It contains legal concepts with a transversal application such as direct or indirect representation, legal act or public policy, general principles such as the prohibition of abuse of right and the prohibition of malicious intent and rules over the application of the law over time and over the computation of time.
Book 5 covers and completes articles 1101 to 1369 of the old Civil Code under three main titles which reshuffle the previous ordering in a new, easy-to-apprehend structure:

  • Title 1 - Introductory provisions (Articles 5.1 – 5.3)
  • Title 2 - Sources of obligations (Articles 5.4 – 5.137)
  • Title 3 - The general rules governing the obligations (Articles 5.138 – 5.270
1 February 2024
  • Adoption of Book 6
September 2024
  • Expected entry into force of Book 6
13 April 2019

Creation of a new Civil Code consisting of 9 Books - Adoption of Book 8 on Evidence. 

Book 8 introduces a few real novelties such as :

  • Less evidence formalism by raising the threshold above which a written document is required from 375 EUR to 3.500 EUR (Article 8.9) and by abolishing the required hand-written formula “approved for” with respect to the unilateral obligation to pay (Article 8.20).
  • Expansion of the system of proof by all means to all undertakings (article 8.11). This freedom of proof applies irrespective of the position of the undertaking in the proceedings (plaintiff or defendant). However, the freedom of proof only applies to an act made by an undertaking. For example, it does not apply when an undertaking wants to prove against a defendant who is not a company.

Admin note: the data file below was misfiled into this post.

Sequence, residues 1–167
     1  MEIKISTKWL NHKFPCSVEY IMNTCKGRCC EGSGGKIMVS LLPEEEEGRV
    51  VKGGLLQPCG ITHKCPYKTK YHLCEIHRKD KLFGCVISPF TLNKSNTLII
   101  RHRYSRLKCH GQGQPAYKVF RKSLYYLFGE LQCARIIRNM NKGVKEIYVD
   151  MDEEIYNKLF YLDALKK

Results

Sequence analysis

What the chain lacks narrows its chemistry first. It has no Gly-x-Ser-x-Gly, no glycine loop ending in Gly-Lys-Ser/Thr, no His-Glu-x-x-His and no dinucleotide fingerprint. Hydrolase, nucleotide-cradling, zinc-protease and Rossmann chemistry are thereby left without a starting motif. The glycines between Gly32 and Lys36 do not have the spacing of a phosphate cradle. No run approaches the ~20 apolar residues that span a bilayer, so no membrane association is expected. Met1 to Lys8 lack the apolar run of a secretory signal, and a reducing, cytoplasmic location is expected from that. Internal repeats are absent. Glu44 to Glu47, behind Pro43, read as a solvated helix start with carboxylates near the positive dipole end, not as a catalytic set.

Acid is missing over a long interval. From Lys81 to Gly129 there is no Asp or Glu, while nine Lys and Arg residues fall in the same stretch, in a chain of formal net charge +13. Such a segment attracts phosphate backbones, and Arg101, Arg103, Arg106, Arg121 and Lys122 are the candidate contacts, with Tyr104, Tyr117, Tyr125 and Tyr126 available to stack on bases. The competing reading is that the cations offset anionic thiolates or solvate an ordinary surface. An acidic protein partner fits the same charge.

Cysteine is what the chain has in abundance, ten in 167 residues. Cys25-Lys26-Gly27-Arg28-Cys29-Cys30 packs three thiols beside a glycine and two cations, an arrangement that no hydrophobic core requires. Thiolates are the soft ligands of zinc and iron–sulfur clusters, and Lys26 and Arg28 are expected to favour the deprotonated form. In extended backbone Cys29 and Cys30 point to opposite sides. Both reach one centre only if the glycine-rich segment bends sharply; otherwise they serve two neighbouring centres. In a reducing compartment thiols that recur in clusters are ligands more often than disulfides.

• An accepted invoice is not only valid as evidence for a sales contract, as previously stipulated in the Commercial Code; it applies to all kinds of agreements (transports, all kinds of services) (Article 8.11, para. 4).

Click through the wheel to navigate the timeline.

2020
4 February 2020

Adoption of Book 3 (Property Law)

Book 3 contains 188 articles and is a fairly comprehensive revision of property law. 

It is divided in 8 titles:

  • Title 1 : General provisions (Articles 3.1 - 3.37)
  • Title 2 : Classifications of goods (Articles 3.38 - 3.49)
  • Title 3 : Ownership (Articles 3.50 – 3.67) 
  • Title 4 : Co-ownership (Articles 3.68 – 3.100)
  • Title 5 : Neighbourly relations (Articles 3.101 – 3.137)
  • Title 6 : Usufruct (Articles 3.138 – 3.166) 
  • Title 7 : Long-term lease (Articles 3.167 – 3.176)
  • Title 8 : Right to build (Articles 3.177 – 3.188)
November 2020
1 November 2020

Entry into force of Book 8 (Evidence)

On 1 November 2020, Book 8 on Evidence of the New Civil Code entered into force.  It has become clear that the introduction of these new rules was no earth-shattering event.  Courts are becoming more and more familiar with the concept of standard of proof. Finally, claimants regularly try to convince the judge to order a reversal of the burden of proof in the sense of Article 8.4, para. 5, but courts seem to be cautious in using this new technique for the time being.